Congressional Research Service (CRS) researcher Linda Levine found the uneven voluntary benefits distribution in her report,Leave Benefits in the United States, according to a news story by legal publisher BNA.
The CRS report said the most commonly offered leave benefits are vacations and holidays, with more than three-fourths of private-sector employees getting those benefits. Meanwhile, 57% of private sector employers offer paid sick leave.
“This unevenness appears to exacerbate wage inequality, with leave benefits more often available to higher than lower paid workers, to more rather than less educated workers, to white collar compared to blue collar or service workers, to persons working full rather than part time, and to employees of larger in contrast to smaller firms,” Levine wrote.
Benefits account for 30% of the total compensation of wages and benefits of employees in the civilian economy, the report said. Leave benefits represent 7% of total compensation.
Except for the Family and Medical Leave Act (FMLA), federal officials have taken a comparatively limited role in forcing employers to offer worker leave benefits, CRS said, but state governments have been more active in this area. However, Congress has mandated Social Security, unemployment compensation, and workers’ compensation.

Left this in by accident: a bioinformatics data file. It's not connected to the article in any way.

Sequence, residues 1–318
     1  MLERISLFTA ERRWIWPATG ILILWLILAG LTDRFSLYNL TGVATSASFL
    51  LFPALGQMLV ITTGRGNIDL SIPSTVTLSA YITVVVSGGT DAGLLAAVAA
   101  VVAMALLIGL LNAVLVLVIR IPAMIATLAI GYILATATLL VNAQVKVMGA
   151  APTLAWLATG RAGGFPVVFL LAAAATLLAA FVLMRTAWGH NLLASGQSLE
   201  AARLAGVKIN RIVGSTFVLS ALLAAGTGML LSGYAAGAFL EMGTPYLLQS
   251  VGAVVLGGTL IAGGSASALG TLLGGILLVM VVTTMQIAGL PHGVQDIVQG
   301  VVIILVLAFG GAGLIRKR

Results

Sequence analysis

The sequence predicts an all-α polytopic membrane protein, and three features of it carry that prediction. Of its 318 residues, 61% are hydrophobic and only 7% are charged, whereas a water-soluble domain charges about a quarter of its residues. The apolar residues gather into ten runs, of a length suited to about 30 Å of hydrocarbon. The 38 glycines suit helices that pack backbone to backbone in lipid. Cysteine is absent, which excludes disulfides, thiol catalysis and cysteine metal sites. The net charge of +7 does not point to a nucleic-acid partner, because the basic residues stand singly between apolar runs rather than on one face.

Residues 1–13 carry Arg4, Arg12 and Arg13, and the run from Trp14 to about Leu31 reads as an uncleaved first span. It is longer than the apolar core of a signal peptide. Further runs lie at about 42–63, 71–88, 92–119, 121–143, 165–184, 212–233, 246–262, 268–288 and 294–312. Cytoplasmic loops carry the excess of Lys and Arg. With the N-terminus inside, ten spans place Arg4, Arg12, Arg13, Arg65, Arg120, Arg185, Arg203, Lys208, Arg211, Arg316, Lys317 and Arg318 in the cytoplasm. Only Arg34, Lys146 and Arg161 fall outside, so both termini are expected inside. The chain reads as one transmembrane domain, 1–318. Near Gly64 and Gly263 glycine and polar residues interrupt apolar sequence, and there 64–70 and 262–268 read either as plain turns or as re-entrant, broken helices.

The CRS document also noted that the federal government does not require employers to offer employees non-wage compensation such as health insurance, retirement plans, and leave. State statutes may require the provision of leave beyond requirements of federal law, and employers and unions may negotiate paid time off as a supplement to wages in collective bargaining agreements, the report said.
The CRS report also indicated:
- More than 75% of private sector employees are provided paid vacations and holidays, making these the most widely available leave benefits.
- About 70% of workers have access to paid funeral leave.
- Considerably fewer employees in the private sector (57%) have sick leave.
- About 40% of workers can take paid leave for personal reasons.
In the United States, congressional interest recently has coalesced around family-friendly paid leave proposals, the report said. These proposals would entitle individuals to paid time off for parenting and caregiving obligations, such as bonding with a newborn or newly placed adopted child or assisting a seriously ill spouse.